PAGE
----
Congratulations to former HALOite Dr. Bruno da Costa and HALO Research Scientist Dr. Jean-Philippe Chaput on their recent publication, “Association between screen time and accelerometer-measured 24-h movement behaviors in a sample of Brazilian adolescents,” in Public Health. The study shows that indicators of screen time activities are differently associated with 24-hour movement behaviours in a sample of Brazilian adolescents (so not all screen time is bad). Citation details and an abstract of the paper are below.
Bravo, Bruno and team!
da Costa, B. G. G., Chaput, J.-P., Lopes, M. V. V., Malheiros, L. E. A., da Silva, I. C. M., & Silva, K. S. (2021). Association between screen time and accelerometer-measured 24-h movement behaviors in a sample of Brazilian adolescents. Public Health, 195, 32â€“38. https://doi.org/10.1016/j.puhe.2021.03.029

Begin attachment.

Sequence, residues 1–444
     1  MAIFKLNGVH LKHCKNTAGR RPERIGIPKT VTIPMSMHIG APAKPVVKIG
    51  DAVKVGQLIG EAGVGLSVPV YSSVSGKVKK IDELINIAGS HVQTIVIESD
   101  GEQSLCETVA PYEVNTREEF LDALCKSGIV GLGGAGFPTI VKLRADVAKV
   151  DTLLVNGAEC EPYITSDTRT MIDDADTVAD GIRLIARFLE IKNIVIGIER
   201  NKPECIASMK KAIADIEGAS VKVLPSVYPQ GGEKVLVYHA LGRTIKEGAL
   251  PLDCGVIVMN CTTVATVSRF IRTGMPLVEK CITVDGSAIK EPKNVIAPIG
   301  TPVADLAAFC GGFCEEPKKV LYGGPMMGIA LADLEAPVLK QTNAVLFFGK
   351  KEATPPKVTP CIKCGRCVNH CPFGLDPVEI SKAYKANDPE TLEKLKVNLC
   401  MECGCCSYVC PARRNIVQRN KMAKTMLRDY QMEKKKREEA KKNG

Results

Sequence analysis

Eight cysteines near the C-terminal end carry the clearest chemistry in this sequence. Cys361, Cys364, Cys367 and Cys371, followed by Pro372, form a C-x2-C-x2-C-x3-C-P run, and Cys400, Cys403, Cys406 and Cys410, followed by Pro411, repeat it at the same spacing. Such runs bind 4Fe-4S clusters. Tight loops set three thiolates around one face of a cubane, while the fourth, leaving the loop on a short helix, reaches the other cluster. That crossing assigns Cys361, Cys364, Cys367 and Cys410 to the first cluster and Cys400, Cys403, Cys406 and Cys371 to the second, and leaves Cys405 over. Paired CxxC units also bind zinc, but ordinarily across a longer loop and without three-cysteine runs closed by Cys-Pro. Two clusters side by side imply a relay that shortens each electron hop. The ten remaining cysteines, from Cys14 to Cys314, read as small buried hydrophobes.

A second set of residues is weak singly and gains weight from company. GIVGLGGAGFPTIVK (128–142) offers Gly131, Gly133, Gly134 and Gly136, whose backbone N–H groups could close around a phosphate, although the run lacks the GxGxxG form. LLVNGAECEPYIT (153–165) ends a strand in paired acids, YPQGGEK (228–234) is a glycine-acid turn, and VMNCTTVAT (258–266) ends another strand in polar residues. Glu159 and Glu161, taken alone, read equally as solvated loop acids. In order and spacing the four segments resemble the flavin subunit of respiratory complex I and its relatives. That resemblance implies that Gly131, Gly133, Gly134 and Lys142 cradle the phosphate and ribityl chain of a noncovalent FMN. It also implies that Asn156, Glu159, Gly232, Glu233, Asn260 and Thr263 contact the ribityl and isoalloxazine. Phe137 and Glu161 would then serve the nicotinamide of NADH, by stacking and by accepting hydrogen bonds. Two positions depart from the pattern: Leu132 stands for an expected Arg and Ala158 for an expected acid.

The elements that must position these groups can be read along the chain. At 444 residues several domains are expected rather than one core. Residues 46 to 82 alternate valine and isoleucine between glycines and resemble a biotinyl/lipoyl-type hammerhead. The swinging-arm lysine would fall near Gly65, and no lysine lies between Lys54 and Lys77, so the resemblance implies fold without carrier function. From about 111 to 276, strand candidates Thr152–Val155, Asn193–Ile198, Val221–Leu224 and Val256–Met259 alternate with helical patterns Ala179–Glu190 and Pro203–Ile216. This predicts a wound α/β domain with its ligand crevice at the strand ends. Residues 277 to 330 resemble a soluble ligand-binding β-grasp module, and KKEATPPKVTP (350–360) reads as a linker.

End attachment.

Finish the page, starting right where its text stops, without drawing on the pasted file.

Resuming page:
Different screen time activities may be related to sleep, physical activity, and sedentary behavior. The objective was to examine the association between self-reported screen time activities and accelerometer-measured 24-h movement behaviors.
This was a cross-sectional study.
Adolescentsâ€™ (n = 718, 50.4% girls, 16 years) sleep duration, sedentary behavior, light-intensity physical activity (LPA), and moderate-to-vigorous physical activity (MVPA) were estimated with wrist-worn accelerometry. Time spent on screen time activities related to studying, working, watching videos, playing video games, and using social media was self-reported. Multilevel linear regressions were used to test the association between screen time with sleep, sedentary behavior, and physical activity.
Boys and girls slept 6.4 and 6.7 h per night, spent 10.4 and 10.1 h/d in sedentary behavior, spent 4.0 and 4.4 h/d in LPA, and spent 34.7 and 29.2 min/d in MVPA, respectively. Studying was inversely related to LPA and MVPA. Working was inversely related to sleep and positively related to LPA. Watching videos was associated with lower LPA and MVPA. For boys, videogames were associated with increased sedentary behavior and lower LPA and MVPA. For girls, studying and/or using social media were associated with lower LPA and MVPA.
Indicators of screen time were associated with different accelerometer-measured 24-h movement behaviors in this sample of Brazilian adolescents.
The full article can be accessed here.